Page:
Marchenko & Marchenko (1989) demonstrated the participation of the host's immune system in the regulation of O. ovis larval populations. After the administration of an immunosuppressive treatment (chlorambucil, 1 mg/kg daily) in lambs, the rate of larval recovery was 63%, compared with 26–36% in untreated controls. In addition, longlasting corticoid (triamcinolone acetonid i.m., 80 mg/sheep) treatment in lambs resulted not only in a higher rate of larval establishment, but also in quicker development of established larvae than in untreated lambs (Jacquiet et al., 2005). Both experiments indicated that enhanced immune responses may have a detrimental effect on O. ovis larvae. Later, immunization trials against O. ovis were performed in sheep using excreted/secreted products and digestive tract protein extracts of third instars (Frugère et al., 2000; Angulo-Valadez et al., 2007b). In the first experiment, it was supposed that immunization with antigens that are normally in permanent contact (excreted/secreted products) with nasal mucosae would promote a strong immune response against O. ovis. Necropsy showed that a strong antibody response has been generated and size and growth were significantly lower in immunized lambs than in controls, but there was no effect on larval establishment rate, which suggests that the immunization of sheep has an inhibitory effect on larval growth. In general, larval antigens were recognized by the immune system, but it seems that immunity was not fully developed. This leads us to hypothesize that some excreted/secreted antigens may be ‘decoy’ antigens for the host immune system and may exert a ‘non-substantial’ effect after sheep immunization. In the second experiment, hidden protein antigens were obtained from the larval intestine. It was assumed that immunized animals would develop humoral (antibody) responses against such antigens (i.e. intestinal enzymes) that are normally not in contact with the host. Then, specific antibodies might affect both larval food digestion and nutrient absorption processes. Retardation of larval growth and development was achieved, but survival rate was not affected. It is important to acknowledge that although immune responses in treated animals did not influence the larval survival rate, the growth and development of O. ovis were significantly reduced (Cepeda-Palacios et al., 2000). The authors concluded that a reduction of 40% in the weight of mature larvae would result in a 38% decrease in the adult population. Clearly, more experiments with new vaccination strategies using the nasal mucosa route, with single antigens or cocktails of antigens and other adjuvant formulations, should be evaluated in order to establish whether the viability of the adult population can be affected significantly.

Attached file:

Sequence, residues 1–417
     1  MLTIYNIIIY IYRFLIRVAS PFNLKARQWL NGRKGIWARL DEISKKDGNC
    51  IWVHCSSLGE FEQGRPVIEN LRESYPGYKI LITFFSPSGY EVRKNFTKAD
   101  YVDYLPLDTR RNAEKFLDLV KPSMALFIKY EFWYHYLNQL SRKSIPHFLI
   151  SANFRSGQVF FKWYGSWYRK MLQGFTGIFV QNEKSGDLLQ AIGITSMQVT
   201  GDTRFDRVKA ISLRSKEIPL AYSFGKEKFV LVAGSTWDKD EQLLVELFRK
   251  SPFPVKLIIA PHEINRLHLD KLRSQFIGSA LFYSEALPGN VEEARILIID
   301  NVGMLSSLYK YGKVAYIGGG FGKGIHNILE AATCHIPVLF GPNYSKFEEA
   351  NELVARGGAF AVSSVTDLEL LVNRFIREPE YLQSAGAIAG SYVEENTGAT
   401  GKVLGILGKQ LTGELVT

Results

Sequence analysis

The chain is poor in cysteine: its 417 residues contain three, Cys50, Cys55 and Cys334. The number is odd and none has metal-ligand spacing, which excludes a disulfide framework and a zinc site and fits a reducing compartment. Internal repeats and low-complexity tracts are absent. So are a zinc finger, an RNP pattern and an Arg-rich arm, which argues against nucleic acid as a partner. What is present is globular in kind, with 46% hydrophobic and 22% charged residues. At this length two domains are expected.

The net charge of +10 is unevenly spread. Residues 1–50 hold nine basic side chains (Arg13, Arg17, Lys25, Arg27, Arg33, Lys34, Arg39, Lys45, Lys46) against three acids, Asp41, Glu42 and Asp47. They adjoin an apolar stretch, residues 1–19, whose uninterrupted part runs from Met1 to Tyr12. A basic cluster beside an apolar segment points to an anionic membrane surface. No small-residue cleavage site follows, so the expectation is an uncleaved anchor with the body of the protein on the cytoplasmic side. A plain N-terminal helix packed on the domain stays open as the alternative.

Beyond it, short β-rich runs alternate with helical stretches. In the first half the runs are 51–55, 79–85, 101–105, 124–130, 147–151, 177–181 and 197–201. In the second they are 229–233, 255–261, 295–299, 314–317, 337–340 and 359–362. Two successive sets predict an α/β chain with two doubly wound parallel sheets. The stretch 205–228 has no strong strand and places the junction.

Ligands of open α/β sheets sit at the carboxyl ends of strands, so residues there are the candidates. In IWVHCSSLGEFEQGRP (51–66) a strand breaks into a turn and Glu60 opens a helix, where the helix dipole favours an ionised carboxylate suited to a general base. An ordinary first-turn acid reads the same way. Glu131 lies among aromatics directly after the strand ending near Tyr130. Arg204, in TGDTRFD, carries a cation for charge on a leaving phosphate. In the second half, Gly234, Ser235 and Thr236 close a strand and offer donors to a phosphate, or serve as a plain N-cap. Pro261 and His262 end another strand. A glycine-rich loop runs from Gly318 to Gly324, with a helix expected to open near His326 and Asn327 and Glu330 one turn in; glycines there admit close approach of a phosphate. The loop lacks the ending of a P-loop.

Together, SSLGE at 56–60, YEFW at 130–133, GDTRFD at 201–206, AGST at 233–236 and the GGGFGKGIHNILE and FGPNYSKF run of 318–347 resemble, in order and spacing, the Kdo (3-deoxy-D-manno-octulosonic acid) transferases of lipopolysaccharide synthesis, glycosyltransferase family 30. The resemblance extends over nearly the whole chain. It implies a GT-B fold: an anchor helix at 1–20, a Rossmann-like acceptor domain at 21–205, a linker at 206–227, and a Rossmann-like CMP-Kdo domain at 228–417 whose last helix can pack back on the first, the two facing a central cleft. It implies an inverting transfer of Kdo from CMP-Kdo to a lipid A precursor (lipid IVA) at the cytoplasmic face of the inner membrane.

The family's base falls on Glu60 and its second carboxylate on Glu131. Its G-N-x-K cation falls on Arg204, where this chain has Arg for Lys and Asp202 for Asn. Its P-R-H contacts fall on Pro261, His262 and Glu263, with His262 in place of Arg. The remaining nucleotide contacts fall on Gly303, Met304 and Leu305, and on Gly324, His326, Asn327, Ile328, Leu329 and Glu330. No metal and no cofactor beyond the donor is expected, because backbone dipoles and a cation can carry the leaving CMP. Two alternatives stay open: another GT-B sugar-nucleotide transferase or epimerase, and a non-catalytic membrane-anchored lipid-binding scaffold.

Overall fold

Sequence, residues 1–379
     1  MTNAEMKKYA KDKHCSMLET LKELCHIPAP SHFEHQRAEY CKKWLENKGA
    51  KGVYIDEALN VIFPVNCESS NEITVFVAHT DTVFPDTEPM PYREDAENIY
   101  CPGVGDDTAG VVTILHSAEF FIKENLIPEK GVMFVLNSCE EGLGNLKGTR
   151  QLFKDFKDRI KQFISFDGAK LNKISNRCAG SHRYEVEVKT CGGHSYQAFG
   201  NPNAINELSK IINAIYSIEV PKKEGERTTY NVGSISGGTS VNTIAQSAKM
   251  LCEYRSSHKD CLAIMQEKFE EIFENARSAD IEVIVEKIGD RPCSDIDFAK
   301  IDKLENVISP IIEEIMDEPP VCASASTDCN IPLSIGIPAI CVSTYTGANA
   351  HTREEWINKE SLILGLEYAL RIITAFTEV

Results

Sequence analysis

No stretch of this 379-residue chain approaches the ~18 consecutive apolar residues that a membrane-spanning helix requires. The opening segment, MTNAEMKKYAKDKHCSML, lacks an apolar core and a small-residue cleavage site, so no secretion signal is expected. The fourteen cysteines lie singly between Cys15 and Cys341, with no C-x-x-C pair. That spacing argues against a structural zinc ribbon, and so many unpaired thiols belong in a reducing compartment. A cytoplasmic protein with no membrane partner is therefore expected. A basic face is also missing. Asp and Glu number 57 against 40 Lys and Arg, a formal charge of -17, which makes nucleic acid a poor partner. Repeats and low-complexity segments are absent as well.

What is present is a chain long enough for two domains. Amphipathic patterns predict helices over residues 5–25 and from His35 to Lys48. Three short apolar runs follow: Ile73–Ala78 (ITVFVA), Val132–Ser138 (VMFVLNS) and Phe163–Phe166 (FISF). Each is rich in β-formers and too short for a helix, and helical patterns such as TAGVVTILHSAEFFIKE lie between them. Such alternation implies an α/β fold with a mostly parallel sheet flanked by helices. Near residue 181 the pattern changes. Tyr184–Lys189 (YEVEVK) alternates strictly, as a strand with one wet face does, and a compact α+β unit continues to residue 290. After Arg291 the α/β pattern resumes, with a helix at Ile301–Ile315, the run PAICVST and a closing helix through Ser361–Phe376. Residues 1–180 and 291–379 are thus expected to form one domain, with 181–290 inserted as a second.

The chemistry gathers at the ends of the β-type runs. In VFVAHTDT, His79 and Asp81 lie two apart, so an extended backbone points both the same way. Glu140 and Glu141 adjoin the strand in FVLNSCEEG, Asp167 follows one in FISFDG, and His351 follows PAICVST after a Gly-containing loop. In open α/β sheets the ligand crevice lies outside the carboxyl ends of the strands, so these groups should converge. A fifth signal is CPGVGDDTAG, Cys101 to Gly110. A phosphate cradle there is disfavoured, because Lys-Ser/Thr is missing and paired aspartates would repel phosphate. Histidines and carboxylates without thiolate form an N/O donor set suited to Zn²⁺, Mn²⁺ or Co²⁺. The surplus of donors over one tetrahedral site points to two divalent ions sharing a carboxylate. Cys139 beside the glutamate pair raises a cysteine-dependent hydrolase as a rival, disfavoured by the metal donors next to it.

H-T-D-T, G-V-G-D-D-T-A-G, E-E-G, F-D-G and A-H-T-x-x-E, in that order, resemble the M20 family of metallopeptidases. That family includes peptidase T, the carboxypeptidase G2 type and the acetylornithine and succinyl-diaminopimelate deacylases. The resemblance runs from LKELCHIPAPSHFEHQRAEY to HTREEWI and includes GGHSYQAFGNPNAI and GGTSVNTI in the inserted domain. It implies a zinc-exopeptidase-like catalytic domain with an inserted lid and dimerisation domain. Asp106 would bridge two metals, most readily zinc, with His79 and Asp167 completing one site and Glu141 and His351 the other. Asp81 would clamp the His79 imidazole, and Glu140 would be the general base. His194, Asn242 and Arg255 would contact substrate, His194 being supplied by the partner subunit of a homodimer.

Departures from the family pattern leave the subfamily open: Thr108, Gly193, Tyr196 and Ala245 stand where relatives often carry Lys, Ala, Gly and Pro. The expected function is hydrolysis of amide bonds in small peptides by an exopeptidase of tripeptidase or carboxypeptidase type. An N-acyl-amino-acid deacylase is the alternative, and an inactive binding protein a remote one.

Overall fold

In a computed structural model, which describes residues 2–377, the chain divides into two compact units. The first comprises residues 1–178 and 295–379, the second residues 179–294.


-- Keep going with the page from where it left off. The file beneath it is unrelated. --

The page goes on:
Oestrus ovis and concomitant gastrointestinal nematode infections
Mixed infections by dipteran larvae and helminths are quite common in ruminants. The adverse effects of O. ovis infection on the outcome of subsequent gastrointestinal parasites in sheep and goats were first observed by Dorchies et al. (1997). Study of the relationship between O. ovis and helminth co-infections revealed that antagonic interactions between O. ovis larvae and either of the Strongylidae nematodes Trichostrongylus colubriformis or Haemonchus contortus exist. In fact, the succession of infections is not considered a major modulating factor for the expression of negative effects. Indeed, parasitic and pathological changes have been related to increases in mast cells, globule leukocytes and eosinophils in the respiratory and digestive tracts. Whereas O. ovis larvae were not affected in number or development, the number, length, egg excretion and fecundity of T. colubriformis and H. contortus were negatively associated with concomitant O. ovis infection. It seems that O. ovis larvae induce ‘at distance’ inflammatory reactions in the whole mucosal system. These downregulating effects on nematodes might be eliminated after antiparasitic treatment against O. ovis (Yacob et al., 2002, 2004a, 2006, 2008; Terefe et al., 2005).
Proinflammatory immune reactions are characteristic of O. ovis infection and involve huge recruitments of cells (mast cells, eosinophils, macrophages, T and B lymphocytes) and the secretion of immunoglobulins that suggest a type Th2 immune response. Interestingly, the most important inflammatory reaction is localized in the sinus horn cavities because this is where the largest larval growth is attained by L2 and L3. It seems that, conveniently, proinflammatory reactions are stimulated by larvae in synchrony with the rhythms of larval population development, as evidenced by the observation that batches of larvae were chronologically regulated after an L1 experimental infection. We suppose that such an equilibrium strategy on the part of the parasite is intended to avoid overcrowding that could result in a hyperimmunostimulation and lead to a ‘self-curing’ phenomenon in the host, similar to that observed in gastrointestinal helminth parasitoses. The evidence discussed herein indicates that O. ovis uses immunosuppressive strategies such as the depletion of the number of lymphocytes and the degradation of immunoglobulins to evade defensive attacks from the host. This may be a reason why poor acquired immunity develops over the lifespan of sheep and goats after several natural exposures to O. ovis. However, it is clear that immune innate and adaptive systems participate actively in the regulation of the O. ovis larval population. Efforts should focus on gaining knowledge of molecular and cellular signalling in order to facilitate understanding of the main immunological factors involved in larval establishment and development. Certainly, biological strategies of defence and attack cycles in sheep and goats, and parasites, suggest a long and successful host–O. ovis co-evolution. Finally, the biotechnological goals of future investigations are to develop immunoprophylactic and diagnostic tools as alternative methods of control of O. ovis populations in the field.
We sincerely thank Dr Philip J. Scholl for his review of the English-language manuscript. Dr P Dorchies is extensively acknowledged for his long and productive career and invaluable scientific contribution to the field of Oestrus ovis infection. This paper was partially financed by the Project ECOS France-ANUIES Mexico Educational and Scientific Cooperation Programme (M06-A02).